Essay Examples on Religion

Buddhism is one of the world's largest and oldest religions

Buddhism is one of the world's largest and oldest religions. Buddhist ideas have been influencing many people from all around the world for over twenty-five centuries. Siddhartha Gautama Buddha discovered the four noble truths and the Eightfold Path to Nirvana. He had found a way to be in utmost joy. Buddhism is a religion that is practiced by hundreds of million people in the world. There are three schools branches of Buddhism which include: Theravada, Mahayana, and Vajrayana. Mahayana is largely practiced in China, Indonesia, Vietnam, Korea, Tibet, and Japan. It is the most followed branch. Theravada is found mostly in Sri Lanka, Cambodia, Thailand, Laos, and Burma. It is the second-largest practiced branch. The least followed branch is Vajrayana. It is practiced primarily in Tibet. Although they are different branches they focus on the same teachings, such as that the Buddha is their Master who gave them the Teachings accepting the Four Noble Truths and there are different ways to achieve enlightenment. Buddhism mythology is important to the culture of its people because it describes how the universe was created after being demolished and then re evolving into its present form over a period of innumerable millions of years, it forms the importance of reaching enlightenment and it expounds the belief that God is unknowable. The universe was created without intervention of any God, nor nature according to the Buddhists. The creation happened over and again all through time. Going to the start of each cycle land begins to shape in darkness on the exterior of the water.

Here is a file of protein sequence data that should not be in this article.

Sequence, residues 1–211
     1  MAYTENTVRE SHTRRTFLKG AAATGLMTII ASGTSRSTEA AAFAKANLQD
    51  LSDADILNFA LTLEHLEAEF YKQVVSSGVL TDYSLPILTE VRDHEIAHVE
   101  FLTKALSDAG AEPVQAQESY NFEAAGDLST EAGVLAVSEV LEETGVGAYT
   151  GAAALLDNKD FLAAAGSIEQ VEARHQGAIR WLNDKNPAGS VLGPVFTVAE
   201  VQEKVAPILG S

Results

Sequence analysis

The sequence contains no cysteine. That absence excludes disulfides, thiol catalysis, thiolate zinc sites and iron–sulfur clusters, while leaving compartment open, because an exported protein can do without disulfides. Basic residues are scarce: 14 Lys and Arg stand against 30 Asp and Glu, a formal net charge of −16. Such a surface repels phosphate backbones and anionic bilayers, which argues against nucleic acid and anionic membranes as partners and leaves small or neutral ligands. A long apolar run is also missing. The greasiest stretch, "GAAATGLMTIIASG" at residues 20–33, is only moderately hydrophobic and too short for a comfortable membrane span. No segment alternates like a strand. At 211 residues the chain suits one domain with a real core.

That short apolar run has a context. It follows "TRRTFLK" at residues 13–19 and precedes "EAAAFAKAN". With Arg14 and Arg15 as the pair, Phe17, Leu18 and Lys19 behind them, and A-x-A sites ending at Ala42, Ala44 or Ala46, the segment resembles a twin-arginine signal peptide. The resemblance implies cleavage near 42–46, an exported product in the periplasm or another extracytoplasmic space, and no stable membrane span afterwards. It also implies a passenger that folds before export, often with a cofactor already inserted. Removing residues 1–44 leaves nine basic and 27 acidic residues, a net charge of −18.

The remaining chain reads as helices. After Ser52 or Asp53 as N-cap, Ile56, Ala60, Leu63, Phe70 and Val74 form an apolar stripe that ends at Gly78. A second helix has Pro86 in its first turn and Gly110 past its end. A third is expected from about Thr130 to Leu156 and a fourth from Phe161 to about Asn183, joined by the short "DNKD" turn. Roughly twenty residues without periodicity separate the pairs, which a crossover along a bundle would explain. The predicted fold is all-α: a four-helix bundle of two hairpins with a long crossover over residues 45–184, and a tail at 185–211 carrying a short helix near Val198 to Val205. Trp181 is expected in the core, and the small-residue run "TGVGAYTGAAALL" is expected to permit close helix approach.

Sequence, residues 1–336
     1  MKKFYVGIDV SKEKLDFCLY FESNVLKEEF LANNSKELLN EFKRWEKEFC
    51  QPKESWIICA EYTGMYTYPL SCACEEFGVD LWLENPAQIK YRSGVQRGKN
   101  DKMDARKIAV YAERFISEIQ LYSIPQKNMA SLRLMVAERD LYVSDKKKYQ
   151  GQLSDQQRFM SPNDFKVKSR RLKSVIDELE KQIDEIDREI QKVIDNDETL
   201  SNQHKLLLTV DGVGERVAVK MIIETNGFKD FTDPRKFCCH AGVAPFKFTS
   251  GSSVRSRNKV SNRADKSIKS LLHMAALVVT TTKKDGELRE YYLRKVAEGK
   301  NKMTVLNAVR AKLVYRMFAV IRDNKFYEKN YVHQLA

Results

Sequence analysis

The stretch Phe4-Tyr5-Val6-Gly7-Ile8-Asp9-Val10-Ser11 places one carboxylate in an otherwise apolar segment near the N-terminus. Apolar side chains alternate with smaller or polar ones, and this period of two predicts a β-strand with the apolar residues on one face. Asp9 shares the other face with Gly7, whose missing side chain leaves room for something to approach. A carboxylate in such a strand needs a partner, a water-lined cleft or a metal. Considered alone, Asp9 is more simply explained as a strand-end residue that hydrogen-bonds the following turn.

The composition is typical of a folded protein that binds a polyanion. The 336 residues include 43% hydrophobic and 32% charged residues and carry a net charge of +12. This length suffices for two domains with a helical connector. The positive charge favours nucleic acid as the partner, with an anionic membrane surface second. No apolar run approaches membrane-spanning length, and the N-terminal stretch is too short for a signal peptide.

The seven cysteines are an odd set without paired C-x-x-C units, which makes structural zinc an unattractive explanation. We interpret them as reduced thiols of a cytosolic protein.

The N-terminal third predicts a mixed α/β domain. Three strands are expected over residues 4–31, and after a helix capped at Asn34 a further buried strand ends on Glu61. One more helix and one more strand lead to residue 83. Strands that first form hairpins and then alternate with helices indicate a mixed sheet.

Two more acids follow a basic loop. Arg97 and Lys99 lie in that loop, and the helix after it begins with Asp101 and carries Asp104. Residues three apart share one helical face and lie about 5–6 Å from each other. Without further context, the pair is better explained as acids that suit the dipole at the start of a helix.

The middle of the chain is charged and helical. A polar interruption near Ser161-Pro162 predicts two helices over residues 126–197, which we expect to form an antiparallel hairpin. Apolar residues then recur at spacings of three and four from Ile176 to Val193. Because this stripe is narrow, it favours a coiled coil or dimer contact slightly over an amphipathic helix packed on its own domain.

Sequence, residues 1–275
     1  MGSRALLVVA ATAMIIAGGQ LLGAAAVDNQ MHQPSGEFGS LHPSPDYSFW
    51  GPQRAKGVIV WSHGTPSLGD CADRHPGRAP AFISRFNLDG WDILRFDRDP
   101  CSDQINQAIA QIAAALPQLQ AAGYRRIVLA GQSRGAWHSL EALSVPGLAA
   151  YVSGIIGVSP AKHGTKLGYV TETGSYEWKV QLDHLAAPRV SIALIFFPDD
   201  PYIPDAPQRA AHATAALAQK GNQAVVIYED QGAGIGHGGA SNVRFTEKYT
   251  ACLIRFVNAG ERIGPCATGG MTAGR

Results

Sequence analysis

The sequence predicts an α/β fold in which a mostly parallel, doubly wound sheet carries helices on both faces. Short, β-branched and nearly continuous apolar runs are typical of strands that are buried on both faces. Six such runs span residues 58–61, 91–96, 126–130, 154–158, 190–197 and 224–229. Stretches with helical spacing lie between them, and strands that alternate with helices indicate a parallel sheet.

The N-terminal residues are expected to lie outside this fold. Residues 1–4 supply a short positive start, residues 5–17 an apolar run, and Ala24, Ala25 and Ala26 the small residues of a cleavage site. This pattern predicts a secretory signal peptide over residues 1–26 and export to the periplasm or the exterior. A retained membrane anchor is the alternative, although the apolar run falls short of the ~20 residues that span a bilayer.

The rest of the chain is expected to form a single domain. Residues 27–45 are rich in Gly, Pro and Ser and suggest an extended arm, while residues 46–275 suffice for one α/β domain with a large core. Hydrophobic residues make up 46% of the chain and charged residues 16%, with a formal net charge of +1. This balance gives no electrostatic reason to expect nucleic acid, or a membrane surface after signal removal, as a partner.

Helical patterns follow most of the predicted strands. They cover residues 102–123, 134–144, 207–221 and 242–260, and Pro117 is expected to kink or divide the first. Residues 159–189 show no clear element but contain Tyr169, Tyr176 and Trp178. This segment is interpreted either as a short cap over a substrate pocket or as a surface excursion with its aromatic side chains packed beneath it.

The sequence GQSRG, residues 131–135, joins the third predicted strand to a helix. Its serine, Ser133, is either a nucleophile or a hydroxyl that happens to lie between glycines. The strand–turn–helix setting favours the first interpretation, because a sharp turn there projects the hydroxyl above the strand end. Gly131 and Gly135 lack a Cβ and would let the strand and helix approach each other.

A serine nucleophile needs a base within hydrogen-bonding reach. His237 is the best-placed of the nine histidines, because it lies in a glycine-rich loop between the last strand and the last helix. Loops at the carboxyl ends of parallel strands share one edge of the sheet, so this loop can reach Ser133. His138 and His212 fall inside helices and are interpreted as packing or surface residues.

2 pages | 518 words
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Usul al-fiqh has existed by virtue of necessity for as long as fiqh has

Arguably usul al-fiqh has existed by virtue of necessity for as long as fiqh has. There can be no fiqh in the absence of its related sources and derivational methodologies. The relationship between these distinct disciplines is comparable to that of grammar and language with usul setting out standard criteria for the correct deduction of rules of fiqh from its sources. Thus both disciplines have accompanied one another by necessity from the outset Kamali 1991. However, the codification of fiqh preceded that of usul. In the early Islamic era, there was not an impetus to codify usul al-fiqh. Whilst the Prophet may Allah's peace and blessings be upon him was alive he provided guidance and solutions to problems through divine revelation and direct rulings. Following his death when novel situations presented themselves the companions performed ijtihaad with reference to the divine sources without a pressing need to explicitly detail their methodology. Their authoritativeness in this respect can be attributed to their exalted position as the direct recipients of prophetic teachings which cultivated within them a unique intimacy to the sources and intrinsic mastery of derivation. Their successors. Tabi un was able to similarly carry out ijtihaad without prompting a need to explicate their methodology Nadwi 1999. During and following the latter period of this generation however, the expansion of the territorial domain of Islam gave rise to new challenges. The mixing of Arabs and non-Arabs diluted the Arabic language new realities requiring the exercise of ijtihaad increased and there was the emergence of increasing variance and disputation in juristic thought. The divergent legal opinions could be traced geographically as a result of the scattered dissemination of Ahadith and legal judgments of the companions.

2 pages | 562 words
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Anglo-Ottoman Relations. Tamburlaine by Christopher Marlowe